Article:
Second only to pivot tables, the VLOOKUP formula is the one of the features of Excel that I am most often asked about. It is also one of the most useful.
Simply put, this formula allows you to look up an item from a list.
Its format is as follows:
=VLOOKUP(lookup value,range to lookup,column to return,TRUE or FALSE)
lookup value: This is the value you wish to search the first column of your table for (this can be the actual value, but it can be very powerful to refer to a cell containing the value).
range to lookup: This is the range (either named, or referred to directly) that contains the lookup table. It is useful to refer to whole columns as this allows your list to grow.
column to return: This is given as a number, where the first column (the one being searched) is 1.
TRUE or FALSE: This is a rather odd one. If you enter 'TRUE' or omit this argument, Excel will go to the closest value if the actual value being looked up is not there. This requires the first column to be sorted in ascending order. I can think of very few applications for this other than some form of conversion table, but as conversion tables are normally to help approximate a formula, there is not a lot of call for them in Excel where you can easily calculate the actual formula itself. For most financial applications you will need to enter 'FALSE' here as this will return an #NA error if it cannot find the lookup value.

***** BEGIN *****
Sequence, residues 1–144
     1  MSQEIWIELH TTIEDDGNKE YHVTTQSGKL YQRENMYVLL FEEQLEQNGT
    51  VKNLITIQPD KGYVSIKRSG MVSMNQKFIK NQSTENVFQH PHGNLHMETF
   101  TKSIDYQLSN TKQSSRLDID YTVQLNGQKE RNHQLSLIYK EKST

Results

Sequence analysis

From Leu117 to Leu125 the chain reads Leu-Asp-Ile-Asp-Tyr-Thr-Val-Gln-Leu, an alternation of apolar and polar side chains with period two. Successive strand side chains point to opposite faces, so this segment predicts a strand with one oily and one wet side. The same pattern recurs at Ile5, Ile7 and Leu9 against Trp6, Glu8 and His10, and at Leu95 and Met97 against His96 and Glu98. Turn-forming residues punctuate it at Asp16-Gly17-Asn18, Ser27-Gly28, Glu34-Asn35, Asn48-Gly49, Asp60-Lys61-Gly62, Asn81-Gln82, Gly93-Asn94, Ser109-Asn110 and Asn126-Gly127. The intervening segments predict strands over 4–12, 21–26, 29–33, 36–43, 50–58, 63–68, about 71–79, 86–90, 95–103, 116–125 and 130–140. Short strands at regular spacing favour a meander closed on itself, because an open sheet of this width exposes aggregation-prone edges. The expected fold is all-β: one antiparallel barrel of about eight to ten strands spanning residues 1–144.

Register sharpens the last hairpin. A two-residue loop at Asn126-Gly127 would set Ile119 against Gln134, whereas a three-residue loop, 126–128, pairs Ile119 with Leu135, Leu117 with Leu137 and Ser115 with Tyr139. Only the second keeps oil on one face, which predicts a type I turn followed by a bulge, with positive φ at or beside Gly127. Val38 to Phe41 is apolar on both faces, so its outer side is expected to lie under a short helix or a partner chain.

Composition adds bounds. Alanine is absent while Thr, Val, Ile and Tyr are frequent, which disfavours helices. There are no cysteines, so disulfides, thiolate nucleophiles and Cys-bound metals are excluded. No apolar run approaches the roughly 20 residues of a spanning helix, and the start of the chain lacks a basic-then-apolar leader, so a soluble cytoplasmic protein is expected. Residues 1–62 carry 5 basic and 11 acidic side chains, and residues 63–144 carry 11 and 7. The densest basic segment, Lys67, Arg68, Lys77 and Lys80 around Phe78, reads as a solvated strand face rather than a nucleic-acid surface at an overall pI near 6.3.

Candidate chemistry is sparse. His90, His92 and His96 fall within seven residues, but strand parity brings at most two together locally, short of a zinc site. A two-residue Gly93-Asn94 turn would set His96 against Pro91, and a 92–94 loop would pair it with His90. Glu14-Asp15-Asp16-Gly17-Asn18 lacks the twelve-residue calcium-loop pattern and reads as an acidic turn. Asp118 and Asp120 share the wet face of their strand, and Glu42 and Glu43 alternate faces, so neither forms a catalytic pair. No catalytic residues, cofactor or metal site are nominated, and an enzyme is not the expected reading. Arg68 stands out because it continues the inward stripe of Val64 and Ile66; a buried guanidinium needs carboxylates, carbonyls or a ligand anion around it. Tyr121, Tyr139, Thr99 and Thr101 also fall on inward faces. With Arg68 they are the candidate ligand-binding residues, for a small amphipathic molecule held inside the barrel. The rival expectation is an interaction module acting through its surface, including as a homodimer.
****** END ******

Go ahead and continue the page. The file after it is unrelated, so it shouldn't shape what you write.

The VLOOKUP formula is very useful for adding additional data to raw imported data in Excel. For one application, see my article on automating management accounts.